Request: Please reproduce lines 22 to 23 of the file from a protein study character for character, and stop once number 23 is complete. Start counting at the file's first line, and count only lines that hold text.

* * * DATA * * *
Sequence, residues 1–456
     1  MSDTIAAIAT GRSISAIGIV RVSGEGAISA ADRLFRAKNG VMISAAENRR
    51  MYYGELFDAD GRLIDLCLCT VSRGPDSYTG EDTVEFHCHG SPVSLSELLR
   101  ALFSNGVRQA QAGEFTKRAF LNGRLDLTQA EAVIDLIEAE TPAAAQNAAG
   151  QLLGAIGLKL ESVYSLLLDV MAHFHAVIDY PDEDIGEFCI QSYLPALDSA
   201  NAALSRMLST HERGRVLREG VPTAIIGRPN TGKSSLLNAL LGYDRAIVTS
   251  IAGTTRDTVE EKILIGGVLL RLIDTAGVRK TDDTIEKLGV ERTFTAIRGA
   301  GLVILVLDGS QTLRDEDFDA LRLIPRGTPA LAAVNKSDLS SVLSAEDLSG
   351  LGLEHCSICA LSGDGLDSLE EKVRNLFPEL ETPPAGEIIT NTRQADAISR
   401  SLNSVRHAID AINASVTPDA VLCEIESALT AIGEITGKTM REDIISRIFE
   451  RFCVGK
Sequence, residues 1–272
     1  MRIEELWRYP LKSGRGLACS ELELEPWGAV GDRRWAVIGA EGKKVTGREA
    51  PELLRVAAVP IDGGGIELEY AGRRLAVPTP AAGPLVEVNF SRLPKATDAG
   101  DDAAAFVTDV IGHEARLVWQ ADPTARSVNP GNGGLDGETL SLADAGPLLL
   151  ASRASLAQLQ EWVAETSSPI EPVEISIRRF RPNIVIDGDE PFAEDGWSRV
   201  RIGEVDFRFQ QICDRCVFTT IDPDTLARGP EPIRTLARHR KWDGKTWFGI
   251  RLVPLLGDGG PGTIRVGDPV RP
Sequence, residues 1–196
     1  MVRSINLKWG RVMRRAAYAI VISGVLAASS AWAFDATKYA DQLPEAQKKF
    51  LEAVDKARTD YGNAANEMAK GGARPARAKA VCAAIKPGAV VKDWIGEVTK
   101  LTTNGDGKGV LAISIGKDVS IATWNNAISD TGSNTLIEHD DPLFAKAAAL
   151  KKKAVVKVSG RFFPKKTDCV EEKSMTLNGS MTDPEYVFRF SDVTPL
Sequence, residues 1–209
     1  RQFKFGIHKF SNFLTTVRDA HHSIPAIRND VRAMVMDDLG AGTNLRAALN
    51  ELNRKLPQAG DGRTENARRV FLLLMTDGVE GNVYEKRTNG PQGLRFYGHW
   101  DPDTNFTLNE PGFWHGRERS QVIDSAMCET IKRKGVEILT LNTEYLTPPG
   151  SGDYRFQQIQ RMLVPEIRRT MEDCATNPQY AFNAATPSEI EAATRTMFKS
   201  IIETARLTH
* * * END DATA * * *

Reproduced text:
   101  LTTNGDGKGV LAISIGKDVS IATWNNAISD TGSNTLIEHD DPLFAKAAAL
   151  KKKAVVKVSG RFFPKKTDCV EEKSMTLNGS MTDPEYVFRF SDVTPL